The Battle Between ‘Myself’ and ‘I’

In captivating poem style, teacher Rabbi Shmuel Wagner takes us on the journey of the battle between ‘myself’ and ‘I’, and epiphany that comes by the seder on Pesach night.

I schlep myself through the front door,
I feel less alive than dead,
“Work today was hard,” I say,
As I beeline straight to my bed.

Thinking all about my job,
That I am my boss’s slave,
Not able to do what I really want,
Oh, how freedom I crave!

Hmmm, the word “Crave” ignites,
Neural pathways in my brain,
I stand and go to get myself,
Some of that magical grain.

Because, you see, the only way,
That I keep myself sane,
Is when I consume in vast amounts,
The fruit of the sugar cane.

I cannot function without it,
In abstinence I feel afflicted,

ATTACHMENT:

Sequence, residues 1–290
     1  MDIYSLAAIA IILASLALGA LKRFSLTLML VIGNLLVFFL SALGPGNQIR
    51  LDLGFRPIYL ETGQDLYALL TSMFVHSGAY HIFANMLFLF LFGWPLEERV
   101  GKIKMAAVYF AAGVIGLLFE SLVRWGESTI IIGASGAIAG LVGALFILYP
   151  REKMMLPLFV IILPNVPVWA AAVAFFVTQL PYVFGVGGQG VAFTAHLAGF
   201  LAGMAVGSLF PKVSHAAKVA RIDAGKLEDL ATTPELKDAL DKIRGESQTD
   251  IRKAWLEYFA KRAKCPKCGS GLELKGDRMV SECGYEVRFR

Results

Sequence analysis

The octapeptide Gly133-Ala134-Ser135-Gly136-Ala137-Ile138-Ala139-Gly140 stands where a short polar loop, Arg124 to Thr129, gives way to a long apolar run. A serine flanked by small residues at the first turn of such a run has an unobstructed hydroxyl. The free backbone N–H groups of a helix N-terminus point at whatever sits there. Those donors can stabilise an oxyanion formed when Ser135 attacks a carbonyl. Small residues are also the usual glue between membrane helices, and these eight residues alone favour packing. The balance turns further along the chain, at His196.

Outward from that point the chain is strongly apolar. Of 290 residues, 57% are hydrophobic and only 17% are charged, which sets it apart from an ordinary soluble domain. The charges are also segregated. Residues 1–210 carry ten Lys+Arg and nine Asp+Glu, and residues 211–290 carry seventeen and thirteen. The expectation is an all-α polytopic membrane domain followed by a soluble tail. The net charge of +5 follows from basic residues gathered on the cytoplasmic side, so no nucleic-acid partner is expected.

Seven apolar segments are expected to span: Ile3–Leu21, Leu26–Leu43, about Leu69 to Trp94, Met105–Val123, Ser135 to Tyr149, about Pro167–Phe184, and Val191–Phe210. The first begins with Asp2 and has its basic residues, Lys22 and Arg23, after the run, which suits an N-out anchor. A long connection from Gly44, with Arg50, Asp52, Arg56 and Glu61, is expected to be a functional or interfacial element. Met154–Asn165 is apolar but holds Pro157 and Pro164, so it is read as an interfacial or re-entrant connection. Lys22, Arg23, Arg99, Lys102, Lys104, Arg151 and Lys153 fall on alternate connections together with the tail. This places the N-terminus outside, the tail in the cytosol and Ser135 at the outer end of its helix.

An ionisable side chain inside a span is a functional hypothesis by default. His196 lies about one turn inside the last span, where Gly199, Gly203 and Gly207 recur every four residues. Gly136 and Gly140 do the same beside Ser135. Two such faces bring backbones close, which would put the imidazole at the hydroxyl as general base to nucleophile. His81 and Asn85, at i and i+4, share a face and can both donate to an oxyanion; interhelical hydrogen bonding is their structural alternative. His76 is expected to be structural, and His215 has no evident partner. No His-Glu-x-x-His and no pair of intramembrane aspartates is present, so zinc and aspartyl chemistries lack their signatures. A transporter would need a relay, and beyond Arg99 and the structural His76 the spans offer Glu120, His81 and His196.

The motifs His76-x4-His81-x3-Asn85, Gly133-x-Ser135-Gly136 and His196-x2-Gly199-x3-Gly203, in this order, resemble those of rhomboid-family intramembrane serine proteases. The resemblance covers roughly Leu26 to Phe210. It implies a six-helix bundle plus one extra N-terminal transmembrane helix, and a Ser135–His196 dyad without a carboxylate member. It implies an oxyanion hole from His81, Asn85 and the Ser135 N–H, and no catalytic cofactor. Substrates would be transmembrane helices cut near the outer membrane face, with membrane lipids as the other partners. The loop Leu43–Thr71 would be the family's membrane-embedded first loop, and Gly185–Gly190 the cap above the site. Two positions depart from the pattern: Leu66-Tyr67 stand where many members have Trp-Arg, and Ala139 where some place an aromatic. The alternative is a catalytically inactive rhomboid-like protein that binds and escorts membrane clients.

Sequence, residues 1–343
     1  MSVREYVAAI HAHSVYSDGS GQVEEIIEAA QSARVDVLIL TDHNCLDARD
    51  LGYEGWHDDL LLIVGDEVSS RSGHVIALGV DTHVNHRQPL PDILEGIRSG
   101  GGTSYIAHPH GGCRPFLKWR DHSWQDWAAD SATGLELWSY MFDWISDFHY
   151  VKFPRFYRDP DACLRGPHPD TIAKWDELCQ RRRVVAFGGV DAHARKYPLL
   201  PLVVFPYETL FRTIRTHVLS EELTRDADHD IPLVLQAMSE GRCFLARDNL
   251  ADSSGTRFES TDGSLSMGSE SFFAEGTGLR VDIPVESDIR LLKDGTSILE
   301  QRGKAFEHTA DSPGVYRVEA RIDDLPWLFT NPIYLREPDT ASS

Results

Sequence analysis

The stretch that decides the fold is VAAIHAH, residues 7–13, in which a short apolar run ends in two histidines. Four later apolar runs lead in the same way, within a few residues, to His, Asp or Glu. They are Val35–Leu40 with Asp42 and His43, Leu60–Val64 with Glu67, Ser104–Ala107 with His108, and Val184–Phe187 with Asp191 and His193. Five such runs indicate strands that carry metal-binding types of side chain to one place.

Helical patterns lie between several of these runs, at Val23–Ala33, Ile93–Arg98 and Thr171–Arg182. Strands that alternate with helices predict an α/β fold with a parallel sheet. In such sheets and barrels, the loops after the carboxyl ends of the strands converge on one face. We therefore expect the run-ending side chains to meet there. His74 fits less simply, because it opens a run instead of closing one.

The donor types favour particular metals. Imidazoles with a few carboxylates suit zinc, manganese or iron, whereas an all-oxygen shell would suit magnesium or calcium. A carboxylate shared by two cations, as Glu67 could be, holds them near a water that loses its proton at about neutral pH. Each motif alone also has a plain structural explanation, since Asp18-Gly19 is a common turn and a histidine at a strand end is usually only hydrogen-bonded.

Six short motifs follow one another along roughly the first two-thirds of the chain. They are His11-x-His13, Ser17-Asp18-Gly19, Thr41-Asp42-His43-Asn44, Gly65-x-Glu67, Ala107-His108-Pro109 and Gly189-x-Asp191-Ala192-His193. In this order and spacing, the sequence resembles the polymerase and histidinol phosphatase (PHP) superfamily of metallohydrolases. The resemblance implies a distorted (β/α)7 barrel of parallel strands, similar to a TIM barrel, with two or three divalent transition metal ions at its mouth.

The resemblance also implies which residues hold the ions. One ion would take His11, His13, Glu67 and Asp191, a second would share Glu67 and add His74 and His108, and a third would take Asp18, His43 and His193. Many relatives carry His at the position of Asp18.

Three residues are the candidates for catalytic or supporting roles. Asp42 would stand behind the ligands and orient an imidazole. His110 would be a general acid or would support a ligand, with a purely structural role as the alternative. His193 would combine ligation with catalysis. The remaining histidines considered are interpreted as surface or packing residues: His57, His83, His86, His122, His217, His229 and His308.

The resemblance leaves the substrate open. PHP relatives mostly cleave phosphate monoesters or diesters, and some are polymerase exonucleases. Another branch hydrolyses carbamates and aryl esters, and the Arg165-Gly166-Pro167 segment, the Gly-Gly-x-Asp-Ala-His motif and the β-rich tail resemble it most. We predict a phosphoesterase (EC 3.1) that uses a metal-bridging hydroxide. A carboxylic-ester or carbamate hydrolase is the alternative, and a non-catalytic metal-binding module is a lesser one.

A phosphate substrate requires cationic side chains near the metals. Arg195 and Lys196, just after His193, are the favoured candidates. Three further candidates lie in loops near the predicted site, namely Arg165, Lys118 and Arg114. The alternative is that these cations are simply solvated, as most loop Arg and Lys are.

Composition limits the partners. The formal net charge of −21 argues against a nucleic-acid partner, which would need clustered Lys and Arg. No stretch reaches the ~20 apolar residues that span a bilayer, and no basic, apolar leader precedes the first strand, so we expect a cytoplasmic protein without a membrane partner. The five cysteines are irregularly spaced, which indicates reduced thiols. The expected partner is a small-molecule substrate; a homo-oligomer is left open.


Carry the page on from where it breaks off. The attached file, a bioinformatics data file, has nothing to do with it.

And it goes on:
It brings out the very best version of me,
So I’m more than fine being addicted.

[Now, before I continue this tale,
Let me make one rule clear,
“Sugar”, of course, is a metaphor,
To any addiction out there.

So, to personalize this journey,
And to make the Farbrengen real,
Substitute “sugar” in this story,
With any addiction you feel.]

I gather my nosh, lie on the couch,
Horizontally flat on my back,
I eagerly numb my tortured thoughts,
As I pound through my sugar snack.

Ahh! This is so purely sweet,
The sugar, the liberation,
Doing what “I myself” want-
Shoot. The conversation:

I might have just confused you,
So allow me to clarify:
There is this battle raging within,
Between “Myself” and “I”.

“Myself” wants to live a good life,
Attracted to things to enjoy them,
The real “I” however is deeper than that,
A Neshama directly from Hashem.

Back to our story, I’m still on my couch,
“Myself” is enjoying the high,